The same pro-Western forces that the US relied on during the revolution now speak of the revolution being sabotaged by the “old regime”:

“This attack is an extension of the attempts by the forces of regression to pounce on the Sudanese revolution and sabotage,” said the Sudanese Professionals’ Association, which is at the core of the Freedom and Change Forces.

State Department spokeswoman Morgan Ortagus wrote onTwitter that the US condemns the assassination attempt on Sudanese Prime Minister Abdullah Hamdok.

New vectors of Sudanese politicians: US-Israel

As if by coincidence, with the advent of the new “transitional” power in Sudan, a radical change in geopolitical orientation has also begun. The country is now openly making gestures in favor of the US, Israel, Saudi Arabia and the UAE.

Especially noteworthy is the “Zionist” turn of the new Sudan. For the first time in history, an Israeli passenger plane flew over Sudan and landed at Ben Gurion airport on February 15. Previously, no route of a regular or private flight to Israel passed through Sudan, a country with which the Jewish state had no diplomatic relations.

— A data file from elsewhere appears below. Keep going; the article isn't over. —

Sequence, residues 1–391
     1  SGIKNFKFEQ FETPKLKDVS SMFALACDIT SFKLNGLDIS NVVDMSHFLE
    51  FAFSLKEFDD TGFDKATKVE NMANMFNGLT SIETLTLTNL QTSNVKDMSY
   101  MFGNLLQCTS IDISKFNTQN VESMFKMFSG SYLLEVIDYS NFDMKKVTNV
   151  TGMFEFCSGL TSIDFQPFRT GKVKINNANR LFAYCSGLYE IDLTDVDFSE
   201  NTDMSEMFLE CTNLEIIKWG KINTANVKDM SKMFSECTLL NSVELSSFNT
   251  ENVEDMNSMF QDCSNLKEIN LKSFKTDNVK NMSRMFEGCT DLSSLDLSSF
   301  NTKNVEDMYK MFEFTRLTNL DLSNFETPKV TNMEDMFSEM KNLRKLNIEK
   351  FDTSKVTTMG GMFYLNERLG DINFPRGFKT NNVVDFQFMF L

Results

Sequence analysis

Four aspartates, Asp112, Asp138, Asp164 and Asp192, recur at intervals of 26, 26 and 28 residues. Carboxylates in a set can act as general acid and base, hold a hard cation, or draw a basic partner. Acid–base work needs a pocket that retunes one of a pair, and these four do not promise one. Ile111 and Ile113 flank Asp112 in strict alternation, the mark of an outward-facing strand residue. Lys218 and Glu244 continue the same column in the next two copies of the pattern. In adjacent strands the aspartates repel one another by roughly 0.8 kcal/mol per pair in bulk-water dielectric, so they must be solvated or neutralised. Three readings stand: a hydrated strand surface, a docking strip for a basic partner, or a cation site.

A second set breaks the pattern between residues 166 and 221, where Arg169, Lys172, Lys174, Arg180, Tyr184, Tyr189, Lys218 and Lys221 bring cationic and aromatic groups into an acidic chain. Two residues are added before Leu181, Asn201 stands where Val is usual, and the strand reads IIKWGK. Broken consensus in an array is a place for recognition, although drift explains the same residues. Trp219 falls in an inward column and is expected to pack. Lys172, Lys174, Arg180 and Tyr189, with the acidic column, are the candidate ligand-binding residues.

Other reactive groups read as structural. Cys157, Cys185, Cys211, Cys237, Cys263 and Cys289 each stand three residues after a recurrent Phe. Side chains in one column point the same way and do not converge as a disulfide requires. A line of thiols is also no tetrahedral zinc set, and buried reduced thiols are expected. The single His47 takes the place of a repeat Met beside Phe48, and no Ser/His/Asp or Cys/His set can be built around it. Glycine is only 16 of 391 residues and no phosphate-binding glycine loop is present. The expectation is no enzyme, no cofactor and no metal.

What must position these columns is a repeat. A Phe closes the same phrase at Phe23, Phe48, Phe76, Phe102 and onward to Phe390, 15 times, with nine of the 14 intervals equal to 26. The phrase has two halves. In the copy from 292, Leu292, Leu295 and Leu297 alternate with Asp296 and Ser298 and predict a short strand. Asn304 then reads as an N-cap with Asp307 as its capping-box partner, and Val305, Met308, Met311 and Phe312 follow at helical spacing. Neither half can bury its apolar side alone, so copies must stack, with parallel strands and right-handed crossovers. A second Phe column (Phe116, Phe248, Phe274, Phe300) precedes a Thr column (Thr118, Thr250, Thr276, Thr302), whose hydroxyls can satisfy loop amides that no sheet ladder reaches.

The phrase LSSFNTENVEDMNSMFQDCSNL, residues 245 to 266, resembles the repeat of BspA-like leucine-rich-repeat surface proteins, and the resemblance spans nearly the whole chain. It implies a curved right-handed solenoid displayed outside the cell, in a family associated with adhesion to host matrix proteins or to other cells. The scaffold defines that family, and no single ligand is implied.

Sudan and beyond: what is behind growing Israeli interest in Africa

Such a flight was possible after Prime Minister Benjamin Netanyahu and Abdel Fattah Al-Burhan, Chairman of the Sudan’s sovereign council, met on February 3 in Kampala, the capital of Uganda. During the meeting, it was agreed that bilateral relations would gradually normalize.

During the reign of President Omar al-Bashir, the countries had extremely tense relations: the IDF repeatedly attacked Sudanese caravans, as well as Iranian vessels carrying weapons that entered Sudanese ports.

Netanyahu has now changed his rhetoric and states that since the coup, Sudan has followed a “progressive” path and has a chance to emerge from isolation.

For Israel, the meeting in Uganda is a continuation of Israeli policy aimed at rapprochement with moderate Muslim regimes, as well as an attempt to consolidate influence on the African continent. Al-Burhan also assures that the majority of Sudanese allegedly support rapprochement with Israel, while the opposition represents minority views. This is doubtful, given that the meeting in Uganda was closed to journalists.